On June 6, the Centers for Disease Control and Prevention of the United States updated their Travel Health Advisory, recommending travelers to wear a mask to “protect themselves from many diseases, including monkeypox.”
By the time CDC issued the advisory, there had been over 1,200 reported global cases of monkeypox, 45 of which were confirmed in the U.S. The disease caused by the monkeypox virus has symptoms similar to, but less severe than, smallpox.
On the same day a tweet that has about 4,600 retweets and 18,000 likes implied the monkeypox virus has not been scientifically proven as airborne and criticized CDC’s advisory as not “following science.”
Another tweet by John Cordillo, a TV host for an American right-wing media, made a similar claim, accusing CDC of attempting to “control” citizens without scientific evidence. This tweet got 17,700 likes and was shared 6,500 times.
On the same day in the evening, the media in the U.S. reported CDC had removed the mask recommendations from the travel health notice.
Annie Lab investigated the validity of the claims by exploring how much we know about the science of wearing face masks against monkeypox and why CDC retracted its advisory.
What face masks prevent
Face masks have been proven as an effective medium of protecting people from various methods of transmission, most notably by reducing the emission of virus-laden droplets by the wearer. According to the CDC, it also reduces inhalation of those droplets by the wearer.
As opposed to the assumptions in the above tweets, masks are not primarily used to block aerosol and airborne transmissions although masking does help, as indicated by research.
Analyzing the available epidemiological information about monkeypox, both CDC and The World Health Organization say it can be transmitted via respiratory droplets.
WHO also says it can be transmitted through “possibly short-range aerosols,” suggesting that it could be airborne to a certain degree.
But the role of masks in the case of monkeypox seems to be to safeguard individuals against infections by respiratory droplets.
The New York Times reported that medical experts suspect airborne transmission could play a small yet significant role in the spread of monkeypox infections, warning that denying the possibility altogether could be misleading to understanding the future implications of this disease.
However, according to the report, a consensus on this matter has not been reached yet as the situation continues to develop.
CDC’s retraction of the advisory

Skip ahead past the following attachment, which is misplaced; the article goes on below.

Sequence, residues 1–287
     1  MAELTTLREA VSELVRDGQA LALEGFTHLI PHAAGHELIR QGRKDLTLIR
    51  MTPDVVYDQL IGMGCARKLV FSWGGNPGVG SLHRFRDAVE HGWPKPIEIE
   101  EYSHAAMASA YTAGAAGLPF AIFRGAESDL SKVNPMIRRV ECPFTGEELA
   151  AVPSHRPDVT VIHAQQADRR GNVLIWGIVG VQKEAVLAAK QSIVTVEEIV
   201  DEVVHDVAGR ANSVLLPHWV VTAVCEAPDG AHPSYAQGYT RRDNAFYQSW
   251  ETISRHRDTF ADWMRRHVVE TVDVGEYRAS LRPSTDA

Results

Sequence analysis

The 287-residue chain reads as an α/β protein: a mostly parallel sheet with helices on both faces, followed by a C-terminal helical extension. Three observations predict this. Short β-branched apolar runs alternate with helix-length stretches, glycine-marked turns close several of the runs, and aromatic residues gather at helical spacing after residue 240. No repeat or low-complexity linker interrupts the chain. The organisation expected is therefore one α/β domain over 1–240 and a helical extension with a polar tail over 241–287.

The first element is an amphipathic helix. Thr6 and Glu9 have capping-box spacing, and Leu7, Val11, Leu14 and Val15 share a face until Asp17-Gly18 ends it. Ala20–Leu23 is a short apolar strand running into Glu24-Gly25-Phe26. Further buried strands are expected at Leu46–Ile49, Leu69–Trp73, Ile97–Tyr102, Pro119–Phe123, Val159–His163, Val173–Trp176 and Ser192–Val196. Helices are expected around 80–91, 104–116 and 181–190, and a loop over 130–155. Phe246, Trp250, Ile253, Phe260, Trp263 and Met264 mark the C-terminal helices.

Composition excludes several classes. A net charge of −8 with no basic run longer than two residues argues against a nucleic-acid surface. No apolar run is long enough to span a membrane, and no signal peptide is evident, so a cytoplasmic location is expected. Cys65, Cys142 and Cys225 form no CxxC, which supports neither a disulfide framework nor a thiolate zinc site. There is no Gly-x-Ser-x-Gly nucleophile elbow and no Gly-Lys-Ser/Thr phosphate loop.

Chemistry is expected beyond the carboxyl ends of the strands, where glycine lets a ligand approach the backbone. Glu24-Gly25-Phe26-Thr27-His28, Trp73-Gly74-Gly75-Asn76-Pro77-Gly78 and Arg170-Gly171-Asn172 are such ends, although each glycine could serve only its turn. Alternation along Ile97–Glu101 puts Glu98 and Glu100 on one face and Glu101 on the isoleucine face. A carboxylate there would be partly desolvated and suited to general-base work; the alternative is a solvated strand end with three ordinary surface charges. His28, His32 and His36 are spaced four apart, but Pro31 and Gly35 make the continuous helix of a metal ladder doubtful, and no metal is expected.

Annie Lab reached out to CDC and asked why the recommendation was removed so quickly.
A spokesperson said in an email on June 9 that the guidance had been reversed due to the confusion caused.
However, the agency added that it still recommends wearing N95 masks in “high-risk situations,” including for household contacts and healthcare workers, or for other people who may have been in close contact with an infected individual.
Close or direct contact — the main reason for infection
Health authorities say the primary reason for human-to-human transmission is close or direct contact with an infected individual’s lesions, body fluids or contaminated materials as well as through sexual contact.
Vijaykrishna Dhanasekaran, a virologist and associate professor at the School of Public Health at the University of Hong Kong told Annie Lab in an email that monkeypox cannot be classified as an airborne disease.
Respiratory droplets containing the virus are thought to be large and heavy. They fall to the ground quickly but transmission could still occur when people have face-to-face contact in very close proximity.
“More data is needed to understand if there is any potential for such aerosolization as the virus evolves and spreads. Something we should keep an eye on,” he said.
Another expert from the university, clinical virologist Siddharth Sridhar from the Department of Microbiology, said that while the main route of transmission is close contact with the skin wounds, or lesions, of an infected person, transmission by respiratory droplets is possible.
Additionally, he added that monkeypox is currently a growing epidemic within the men-who-have-sex-with-men (MSM) community and the primary reason for transmission is presumably intimate contact.
Health organizations around the world have adopted measures of prevention and control.
CHP lists wearing protective gear such as surgical masks and gloves when interacting with ill people or animals as one such method of avoiding contracting the virus as well as an immediate hand wash.